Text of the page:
James Murdoch defended his authorisation of a £700,000 payment to Gordon Taylor, the chief executive of the Professional Footballers' Association, and said he had acted on legal advice.
The presumed heir to the News Corp empire had clearly identified his signing off of the payment to the hacking victim as a potential problem. "The underlying fact was not in dispute," he told the MPs, adding that the company's lawyers advised him that "the company would lose that case".
The payment is seen as crucial in determining Murdoch Jnr's suitability to run a major company and how much he appraised himself of the extent of phone hacking.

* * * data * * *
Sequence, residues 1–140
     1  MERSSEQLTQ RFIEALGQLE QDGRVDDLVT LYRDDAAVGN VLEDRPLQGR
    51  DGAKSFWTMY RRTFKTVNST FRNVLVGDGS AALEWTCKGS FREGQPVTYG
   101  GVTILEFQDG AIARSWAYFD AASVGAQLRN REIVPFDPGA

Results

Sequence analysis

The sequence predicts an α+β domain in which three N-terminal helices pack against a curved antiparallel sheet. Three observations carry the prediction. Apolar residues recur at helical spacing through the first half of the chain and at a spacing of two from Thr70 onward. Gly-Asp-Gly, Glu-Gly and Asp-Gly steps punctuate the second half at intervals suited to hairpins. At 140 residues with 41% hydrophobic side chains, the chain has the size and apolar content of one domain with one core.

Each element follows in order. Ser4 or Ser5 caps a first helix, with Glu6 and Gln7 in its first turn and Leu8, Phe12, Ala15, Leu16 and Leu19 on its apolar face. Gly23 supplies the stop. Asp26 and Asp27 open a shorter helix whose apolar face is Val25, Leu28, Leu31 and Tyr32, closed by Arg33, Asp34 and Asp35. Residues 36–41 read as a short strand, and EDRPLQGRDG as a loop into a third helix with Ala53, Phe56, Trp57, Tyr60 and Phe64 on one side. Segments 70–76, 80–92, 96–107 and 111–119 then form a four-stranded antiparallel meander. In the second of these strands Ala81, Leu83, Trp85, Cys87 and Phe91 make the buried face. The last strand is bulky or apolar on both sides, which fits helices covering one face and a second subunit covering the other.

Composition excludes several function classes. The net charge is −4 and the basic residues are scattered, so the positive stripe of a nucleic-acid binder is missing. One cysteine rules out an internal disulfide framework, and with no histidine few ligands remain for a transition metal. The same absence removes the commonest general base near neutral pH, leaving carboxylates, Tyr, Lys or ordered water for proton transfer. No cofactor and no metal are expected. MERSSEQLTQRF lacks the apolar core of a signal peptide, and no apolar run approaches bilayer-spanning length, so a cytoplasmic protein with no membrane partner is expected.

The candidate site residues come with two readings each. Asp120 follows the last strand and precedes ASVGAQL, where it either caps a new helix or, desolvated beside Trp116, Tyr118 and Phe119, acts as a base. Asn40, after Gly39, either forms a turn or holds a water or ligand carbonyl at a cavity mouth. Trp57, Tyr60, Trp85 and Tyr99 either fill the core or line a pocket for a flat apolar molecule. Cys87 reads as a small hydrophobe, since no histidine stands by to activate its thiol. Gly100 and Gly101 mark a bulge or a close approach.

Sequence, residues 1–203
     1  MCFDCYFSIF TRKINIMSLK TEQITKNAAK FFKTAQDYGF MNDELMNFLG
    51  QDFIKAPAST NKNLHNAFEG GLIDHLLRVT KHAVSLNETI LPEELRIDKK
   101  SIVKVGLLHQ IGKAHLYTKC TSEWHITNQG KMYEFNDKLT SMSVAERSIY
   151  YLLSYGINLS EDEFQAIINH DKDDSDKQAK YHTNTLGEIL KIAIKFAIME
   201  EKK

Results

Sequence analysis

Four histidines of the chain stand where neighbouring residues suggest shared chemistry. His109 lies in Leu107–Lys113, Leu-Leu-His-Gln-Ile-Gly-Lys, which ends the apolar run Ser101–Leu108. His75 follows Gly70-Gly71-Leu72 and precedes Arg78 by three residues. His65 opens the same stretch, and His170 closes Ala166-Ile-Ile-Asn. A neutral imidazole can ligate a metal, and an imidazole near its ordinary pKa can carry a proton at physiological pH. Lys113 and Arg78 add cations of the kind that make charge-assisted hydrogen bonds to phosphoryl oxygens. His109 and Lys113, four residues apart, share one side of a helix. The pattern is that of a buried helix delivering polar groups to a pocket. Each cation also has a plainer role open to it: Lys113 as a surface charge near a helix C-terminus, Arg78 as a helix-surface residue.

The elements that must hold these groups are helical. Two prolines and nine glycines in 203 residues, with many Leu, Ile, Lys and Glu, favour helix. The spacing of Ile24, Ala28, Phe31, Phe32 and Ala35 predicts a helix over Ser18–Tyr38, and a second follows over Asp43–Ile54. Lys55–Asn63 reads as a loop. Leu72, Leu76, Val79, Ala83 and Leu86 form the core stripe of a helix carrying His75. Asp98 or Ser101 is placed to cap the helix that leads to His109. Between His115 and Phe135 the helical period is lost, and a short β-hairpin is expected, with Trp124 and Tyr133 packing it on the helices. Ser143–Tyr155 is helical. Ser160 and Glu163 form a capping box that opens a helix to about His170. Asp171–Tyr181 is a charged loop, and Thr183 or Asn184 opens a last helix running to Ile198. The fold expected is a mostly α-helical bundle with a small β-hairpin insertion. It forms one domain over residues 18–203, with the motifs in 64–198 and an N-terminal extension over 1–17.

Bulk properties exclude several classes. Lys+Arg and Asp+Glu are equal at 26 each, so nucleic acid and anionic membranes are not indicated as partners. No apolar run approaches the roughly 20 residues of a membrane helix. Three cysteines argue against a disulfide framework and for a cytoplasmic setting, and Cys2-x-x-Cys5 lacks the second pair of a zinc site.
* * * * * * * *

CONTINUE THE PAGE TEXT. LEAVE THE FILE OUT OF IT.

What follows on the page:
"There was no reason at that time to believe... it was anything other than in the past," he said, adding that he had been advised on the matter by Tom Crone, the former News of the World legal manager who quit the company last week, and Colin Myler, the last editor of the paper, which was closed down this month.
He said he believed that the confidentiality clauses imposed on Mr Taylor and another victim, the publicist Max Clifford, as part of their settlements were standard legal procedure.